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On June 26, 2021, after a very normal day, Cole’s mother Ashleigh noticed a lump in his neck as he was getting out of the bathtub. The lump didn’t hurt, and Cole had no “sick” symptoms at all. Cole’s family knew there were a ton of possibilities of what it could be. Cole went to his primary care pediatrician, Dr. Milner, the very next day on a Sunday. Cole’s doctor takes turns working Sundays with other doctors, so Ashleigh was very relieved to get there and see that Dr. Milner was there as she knows Cole really well. Dr. Milner did a very thorough exam and told us she just couldn’t tell us more without various testing done first. She acted immediately and sent us to outpatient in the hospital for our very first tests. Cole had blood work done and a chest X-ray. Everything looked normal so far. The next day, Cole stayed home and missed part of his Great Wolf Lodge trip so we could get an ultrasound on his neck. After that, Cole was able to enjoy 1 night/2 days at Great Wolf while we waited for more info and next steps. Dr. Milner was in touch very soon to tell us that Cole’s lump was pushing on his trachea and that she wanted him to be seen by an ENT the next day when we got back in town. At this point, it looked like a thyroid issue. We saw Dr. Gungor the next day. Cole was cracking up at all of Dr. Gungor’s jokes, and he was so good at calming Cole. Dr. Gungor ordered an MRI and mentioned wanting to biopsy once we had a better picture of the lump. The next week we did the MRI on a Friday and spent the weekend trying not to think about what was happening. Cole spent a normal weekend at his dad’s house having fun and just being a kid. Cole’s ultrasound-guided fine needle aspiration (FNA) biopsy couldn’t be scheduled until 2 weeks after MRI, so Dr. Gungor attempted a FNA biopsy in the clinic without sedation, only local anesthesia. That was our first really hard test/procedure. Cole really struggled, but a sample was obtained and tested. Although the results were inconclusive, what was seen did indicate a possible cancer. We were told not to assume yet and that there were still very many other benign possibilities. We tried to both stay optimistic and also begin to accept that we might be looking at cancer. We proceeded with the ultrasound-guided FNA biopsy hoping to get more answers. It was a very anxious few days waiting for this process. The results from the second FNA were still inconclusive, but indicated more evidence of cancer.
By this time, Cole’s lump had gotten larger and his breathing had begun to be affected. Many doctors coordinated on what to do next. One of Cole’s primary care Nurse Practitioners put in a call to our local St. Jude clinic Feist-Weiller. At that point we were connected with a Nurse Practiomer named Diana. She wanted to expedite getting Cole a diagnosis especially since his breathing was getting a little worse with each passing day. She called me from her cell on her day off telling me she was planning for Cole to go to St. Jude in Memphis the next week. After she considered more and consulted with the rest of Dr. Jeroudi’s team, their clinic called back the next day and said they wanted to go ahead and see Cole for a repeat chest X-ray to see if there were changes from the X-ray 1 month prior. We headed to Shreveport thinking we would be coming back home and packing bags for the next week. However, the chest X-ray showed a signicant increase in trachea deviation and with Cole’s off and on heavy and noisy breathing, they didn’t want to wait any longer. The Feist-Weiller team did some more bloodwork and started an IV (Cole was so sick of needle sticks at this point!). We waited for a flight to be coordinated, and then Ashleigh and Cole flew on a private jet with a medical team up to Memphis. It was a scary day, but I think we were all so relieved Cole was going to get immediate support for his breathing and that we didn’t have to spend another week at home worrying about his breathing. We arrived at St. Jude’s on Thursday July 29 at 8PM.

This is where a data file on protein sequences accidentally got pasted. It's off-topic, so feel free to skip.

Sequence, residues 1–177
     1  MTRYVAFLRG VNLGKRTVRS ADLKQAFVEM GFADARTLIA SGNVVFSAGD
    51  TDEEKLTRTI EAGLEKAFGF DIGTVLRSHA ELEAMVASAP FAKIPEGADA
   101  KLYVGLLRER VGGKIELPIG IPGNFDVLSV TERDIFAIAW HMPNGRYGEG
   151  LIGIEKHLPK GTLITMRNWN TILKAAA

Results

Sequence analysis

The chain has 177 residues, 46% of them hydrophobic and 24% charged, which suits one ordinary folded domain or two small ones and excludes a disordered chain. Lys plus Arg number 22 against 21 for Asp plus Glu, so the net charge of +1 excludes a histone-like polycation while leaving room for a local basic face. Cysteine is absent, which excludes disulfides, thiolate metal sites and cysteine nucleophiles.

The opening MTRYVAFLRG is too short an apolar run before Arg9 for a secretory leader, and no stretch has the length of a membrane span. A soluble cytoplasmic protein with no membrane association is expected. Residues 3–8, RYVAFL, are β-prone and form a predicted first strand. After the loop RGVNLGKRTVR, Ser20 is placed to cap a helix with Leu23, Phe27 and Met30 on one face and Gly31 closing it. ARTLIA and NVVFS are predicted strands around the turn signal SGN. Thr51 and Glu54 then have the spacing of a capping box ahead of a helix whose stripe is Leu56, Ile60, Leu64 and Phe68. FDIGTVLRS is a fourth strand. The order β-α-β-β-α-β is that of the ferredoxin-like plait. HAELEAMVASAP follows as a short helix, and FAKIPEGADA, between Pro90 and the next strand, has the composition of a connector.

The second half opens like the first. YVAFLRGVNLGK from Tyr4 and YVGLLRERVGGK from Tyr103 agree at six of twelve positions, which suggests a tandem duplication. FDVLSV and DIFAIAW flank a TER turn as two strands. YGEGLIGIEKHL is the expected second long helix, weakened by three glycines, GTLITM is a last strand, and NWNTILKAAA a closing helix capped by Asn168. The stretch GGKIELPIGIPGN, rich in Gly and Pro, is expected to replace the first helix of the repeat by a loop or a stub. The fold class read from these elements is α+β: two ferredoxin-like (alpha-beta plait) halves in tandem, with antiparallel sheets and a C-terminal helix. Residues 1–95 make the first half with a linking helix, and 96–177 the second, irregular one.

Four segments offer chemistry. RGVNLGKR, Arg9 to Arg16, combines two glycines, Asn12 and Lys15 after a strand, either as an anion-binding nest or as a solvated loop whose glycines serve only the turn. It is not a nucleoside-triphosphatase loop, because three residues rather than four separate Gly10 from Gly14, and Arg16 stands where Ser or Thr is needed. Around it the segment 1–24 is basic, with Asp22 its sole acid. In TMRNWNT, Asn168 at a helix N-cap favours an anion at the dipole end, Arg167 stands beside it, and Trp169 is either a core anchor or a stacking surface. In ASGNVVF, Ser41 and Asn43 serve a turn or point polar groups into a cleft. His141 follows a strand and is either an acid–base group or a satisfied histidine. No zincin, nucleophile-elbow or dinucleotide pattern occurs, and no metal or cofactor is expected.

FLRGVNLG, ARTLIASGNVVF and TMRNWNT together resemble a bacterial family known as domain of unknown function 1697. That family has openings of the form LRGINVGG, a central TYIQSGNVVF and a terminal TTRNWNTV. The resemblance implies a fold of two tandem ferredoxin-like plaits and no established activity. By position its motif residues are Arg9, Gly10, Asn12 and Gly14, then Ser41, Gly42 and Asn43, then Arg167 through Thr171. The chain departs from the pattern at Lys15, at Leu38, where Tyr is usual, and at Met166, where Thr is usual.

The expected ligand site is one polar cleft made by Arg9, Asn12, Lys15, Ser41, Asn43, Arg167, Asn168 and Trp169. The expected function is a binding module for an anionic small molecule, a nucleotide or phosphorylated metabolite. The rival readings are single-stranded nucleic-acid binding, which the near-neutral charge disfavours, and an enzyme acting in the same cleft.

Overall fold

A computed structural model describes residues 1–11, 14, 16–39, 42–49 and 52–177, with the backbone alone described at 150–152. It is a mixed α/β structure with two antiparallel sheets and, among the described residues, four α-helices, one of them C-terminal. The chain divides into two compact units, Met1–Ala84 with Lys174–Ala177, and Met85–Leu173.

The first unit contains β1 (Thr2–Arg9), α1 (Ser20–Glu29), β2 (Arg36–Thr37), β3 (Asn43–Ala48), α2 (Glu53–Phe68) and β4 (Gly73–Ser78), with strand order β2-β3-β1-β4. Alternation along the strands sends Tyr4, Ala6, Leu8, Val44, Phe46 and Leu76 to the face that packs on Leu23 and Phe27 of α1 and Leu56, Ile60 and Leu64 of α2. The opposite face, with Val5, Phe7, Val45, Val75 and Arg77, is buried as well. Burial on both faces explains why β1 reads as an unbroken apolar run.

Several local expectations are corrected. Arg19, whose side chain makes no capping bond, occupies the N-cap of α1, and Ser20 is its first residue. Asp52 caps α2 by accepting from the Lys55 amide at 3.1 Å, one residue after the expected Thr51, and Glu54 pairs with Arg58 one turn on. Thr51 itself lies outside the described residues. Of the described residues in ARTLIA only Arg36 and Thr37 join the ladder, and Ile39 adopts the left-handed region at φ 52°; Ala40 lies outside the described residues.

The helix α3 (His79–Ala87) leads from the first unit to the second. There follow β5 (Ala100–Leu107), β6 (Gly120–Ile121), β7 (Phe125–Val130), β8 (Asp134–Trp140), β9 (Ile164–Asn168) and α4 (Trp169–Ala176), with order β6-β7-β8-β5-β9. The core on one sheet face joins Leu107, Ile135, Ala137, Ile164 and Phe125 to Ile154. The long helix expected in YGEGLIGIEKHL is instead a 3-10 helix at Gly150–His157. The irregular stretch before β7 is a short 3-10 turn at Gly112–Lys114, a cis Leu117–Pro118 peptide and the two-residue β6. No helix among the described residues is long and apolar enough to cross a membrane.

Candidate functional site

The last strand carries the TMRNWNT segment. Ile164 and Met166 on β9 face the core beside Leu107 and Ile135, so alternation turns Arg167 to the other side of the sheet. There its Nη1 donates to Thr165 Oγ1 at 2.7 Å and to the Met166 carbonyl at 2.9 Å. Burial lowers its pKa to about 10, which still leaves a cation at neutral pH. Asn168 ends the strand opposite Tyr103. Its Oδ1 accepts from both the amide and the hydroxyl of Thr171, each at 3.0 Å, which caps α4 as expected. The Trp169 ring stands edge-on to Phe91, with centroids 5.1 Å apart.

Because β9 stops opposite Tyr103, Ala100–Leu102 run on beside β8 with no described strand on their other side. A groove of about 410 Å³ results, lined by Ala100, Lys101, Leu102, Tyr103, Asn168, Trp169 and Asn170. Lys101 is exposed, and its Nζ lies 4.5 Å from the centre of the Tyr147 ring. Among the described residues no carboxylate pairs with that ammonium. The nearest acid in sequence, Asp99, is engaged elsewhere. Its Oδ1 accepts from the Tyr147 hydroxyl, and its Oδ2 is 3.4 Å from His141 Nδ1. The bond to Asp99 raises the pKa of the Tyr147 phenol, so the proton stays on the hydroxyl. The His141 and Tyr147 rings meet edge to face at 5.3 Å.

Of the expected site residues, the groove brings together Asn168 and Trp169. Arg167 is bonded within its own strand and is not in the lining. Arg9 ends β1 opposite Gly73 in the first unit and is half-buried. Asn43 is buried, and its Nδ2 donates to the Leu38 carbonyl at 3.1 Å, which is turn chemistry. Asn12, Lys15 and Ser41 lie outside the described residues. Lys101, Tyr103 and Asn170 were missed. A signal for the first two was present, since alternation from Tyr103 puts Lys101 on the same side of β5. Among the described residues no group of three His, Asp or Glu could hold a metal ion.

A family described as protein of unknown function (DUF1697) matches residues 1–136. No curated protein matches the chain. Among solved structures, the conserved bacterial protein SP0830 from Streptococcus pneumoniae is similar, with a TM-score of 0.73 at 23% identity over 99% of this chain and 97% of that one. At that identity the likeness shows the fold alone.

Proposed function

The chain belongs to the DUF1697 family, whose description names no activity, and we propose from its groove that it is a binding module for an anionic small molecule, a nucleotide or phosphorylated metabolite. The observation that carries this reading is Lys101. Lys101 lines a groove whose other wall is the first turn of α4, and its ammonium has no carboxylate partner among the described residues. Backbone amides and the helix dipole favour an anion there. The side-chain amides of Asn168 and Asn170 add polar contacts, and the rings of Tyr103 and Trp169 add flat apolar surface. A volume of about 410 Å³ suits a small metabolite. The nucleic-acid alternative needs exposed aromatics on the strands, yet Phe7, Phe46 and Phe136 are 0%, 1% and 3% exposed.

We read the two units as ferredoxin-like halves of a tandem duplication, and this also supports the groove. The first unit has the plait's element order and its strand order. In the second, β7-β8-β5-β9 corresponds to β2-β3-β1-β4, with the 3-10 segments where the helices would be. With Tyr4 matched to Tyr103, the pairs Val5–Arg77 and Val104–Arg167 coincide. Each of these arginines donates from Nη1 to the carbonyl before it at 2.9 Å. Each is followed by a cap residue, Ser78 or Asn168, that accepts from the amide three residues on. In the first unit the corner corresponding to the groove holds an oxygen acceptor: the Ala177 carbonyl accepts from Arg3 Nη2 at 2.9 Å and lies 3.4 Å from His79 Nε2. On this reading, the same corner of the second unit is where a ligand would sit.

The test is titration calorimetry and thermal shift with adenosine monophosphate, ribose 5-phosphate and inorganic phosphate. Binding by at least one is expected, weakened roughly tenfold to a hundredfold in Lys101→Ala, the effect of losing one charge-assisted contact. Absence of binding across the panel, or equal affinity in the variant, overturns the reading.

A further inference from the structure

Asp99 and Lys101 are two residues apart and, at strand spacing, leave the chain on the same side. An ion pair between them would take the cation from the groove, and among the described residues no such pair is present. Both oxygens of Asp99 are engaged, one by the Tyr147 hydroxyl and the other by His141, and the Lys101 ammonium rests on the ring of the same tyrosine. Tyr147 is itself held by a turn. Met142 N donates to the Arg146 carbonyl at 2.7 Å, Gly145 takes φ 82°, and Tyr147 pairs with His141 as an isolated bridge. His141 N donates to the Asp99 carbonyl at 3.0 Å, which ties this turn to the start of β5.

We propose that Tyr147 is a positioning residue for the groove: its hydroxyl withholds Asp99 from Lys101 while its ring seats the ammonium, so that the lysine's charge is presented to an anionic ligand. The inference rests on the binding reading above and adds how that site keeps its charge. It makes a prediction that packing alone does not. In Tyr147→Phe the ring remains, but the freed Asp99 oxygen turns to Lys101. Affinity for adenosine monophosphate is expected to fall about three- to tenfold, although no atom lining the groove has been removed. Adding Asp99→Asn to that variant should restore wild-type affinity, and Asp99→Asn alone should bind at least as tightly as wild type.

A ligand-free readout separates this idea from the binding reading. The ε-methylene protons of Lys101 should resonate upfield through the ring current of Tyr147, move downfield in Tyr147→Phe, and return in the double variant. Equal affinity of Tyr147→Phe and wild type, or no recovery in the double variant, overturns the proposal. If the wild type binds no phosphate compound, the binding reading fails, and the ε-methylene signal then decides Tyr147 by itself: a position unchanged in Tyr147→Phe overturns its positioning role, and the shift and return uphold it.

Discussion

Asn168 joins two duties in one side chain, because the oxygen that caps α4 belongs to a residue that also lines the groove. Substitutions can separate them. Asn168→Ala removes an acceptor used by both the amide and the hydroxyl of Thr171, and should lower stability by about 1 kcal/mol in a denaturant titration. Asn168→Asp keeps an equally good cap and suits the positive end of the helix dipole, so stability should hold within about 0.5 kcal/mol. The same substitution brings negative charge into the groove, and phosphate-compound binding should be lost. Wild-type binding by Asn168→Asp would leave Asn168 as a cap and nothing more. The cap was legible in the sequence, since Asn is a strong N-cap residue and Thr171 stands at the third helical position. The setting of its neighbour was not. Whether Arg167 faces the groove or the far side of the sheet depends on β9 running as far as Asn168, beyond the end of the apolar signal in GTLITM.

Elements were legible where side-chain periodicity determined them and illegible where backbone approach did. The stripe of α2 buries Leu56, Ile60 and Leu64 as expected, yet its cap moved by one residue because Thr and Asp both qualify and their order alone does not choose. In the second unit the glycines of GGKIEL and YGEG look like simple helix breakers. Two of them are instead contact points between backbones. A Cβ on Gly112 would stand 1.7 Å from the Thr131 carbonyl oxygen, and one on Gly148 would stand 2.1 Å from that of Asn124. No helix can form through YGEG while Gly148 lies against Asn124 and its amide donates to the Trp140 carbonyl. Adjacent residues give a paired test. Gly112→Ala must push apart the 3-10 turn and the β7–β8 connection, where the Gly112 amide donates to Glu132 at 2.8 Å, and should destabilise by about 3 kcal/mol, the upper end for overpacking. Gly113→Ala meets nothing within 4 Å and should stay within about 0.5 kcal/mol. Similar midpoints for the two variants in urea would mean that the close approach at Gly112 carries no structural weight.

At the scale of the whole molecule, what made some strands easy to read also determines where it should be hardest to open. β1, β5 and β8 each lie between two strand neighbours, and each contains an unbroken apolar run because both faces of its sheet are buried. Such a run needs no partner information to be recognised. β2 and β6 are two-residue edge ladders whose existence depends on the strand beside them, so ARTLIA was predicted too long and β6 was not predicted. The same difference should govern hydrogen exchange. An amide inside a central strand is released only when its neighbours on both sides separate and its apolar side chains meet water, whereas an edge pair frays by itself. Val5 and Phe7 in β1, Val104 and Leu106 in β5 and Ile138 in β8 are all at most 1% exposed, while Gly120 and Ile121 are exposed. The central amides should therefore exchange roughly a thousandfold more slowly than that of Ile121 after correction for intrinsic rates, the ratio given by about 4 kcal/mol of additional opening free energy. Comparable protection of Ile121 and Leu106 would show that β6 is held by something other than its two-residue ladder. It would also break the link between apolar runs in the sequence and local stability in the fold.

If you’ve ever heard anything about St. Jude’s, I don’t have to tell you that the entire healthcare team here was amazing and did everything they could to help Cole cope with all the procedures and testing that had to be done upon arrival and the first few days. Many blood draws, and finally a needle biopsy (bigger needle for a bigger sample) that gave us our diagnosis. On Saturday July 31 we were given the news that the second FNA biopsy was accurate: Cole has T-Cell Lymphoblastic Lymphoma which is an aggressive type of blood cancer. This news wasn’t totally unexpected, but was still devastating to receive. That was a hard day for us, but Cole never lost his smile. He was happy to have an answer about what his lump was, and St. Jude team explained it to him really well. He was happy to hear he could immediately start medicine to begin shrinking the lump.
We know Cole will be going through some intensive chemo treatment in Memphis for a while. The entire process will take approximately 2.5 years, but we should be able to complete a large portion of the treatment in Shreveport closer to home. Despite the aggressive nature of this cancer, the prognosis is good and the cure/remission rates are high.
This is a lot for us to process and has been difficult for the entire family. Cole is definitely the one in the best spirits. As long as a procedure isn’t being done, he’s quite happy here at St. Jude’s. We still have more testing to come to find out how extensive Cole’s cancer is before we begin chemo.
We are leaning on God, family, friends, and of course the amazing St. Jude staff. We know that God loves Cole and that we have a lot of people praying for Cole and his recovery. We are so thankful to be surrounded by love and support. We know Cole is going to kick cancer and be healthy again!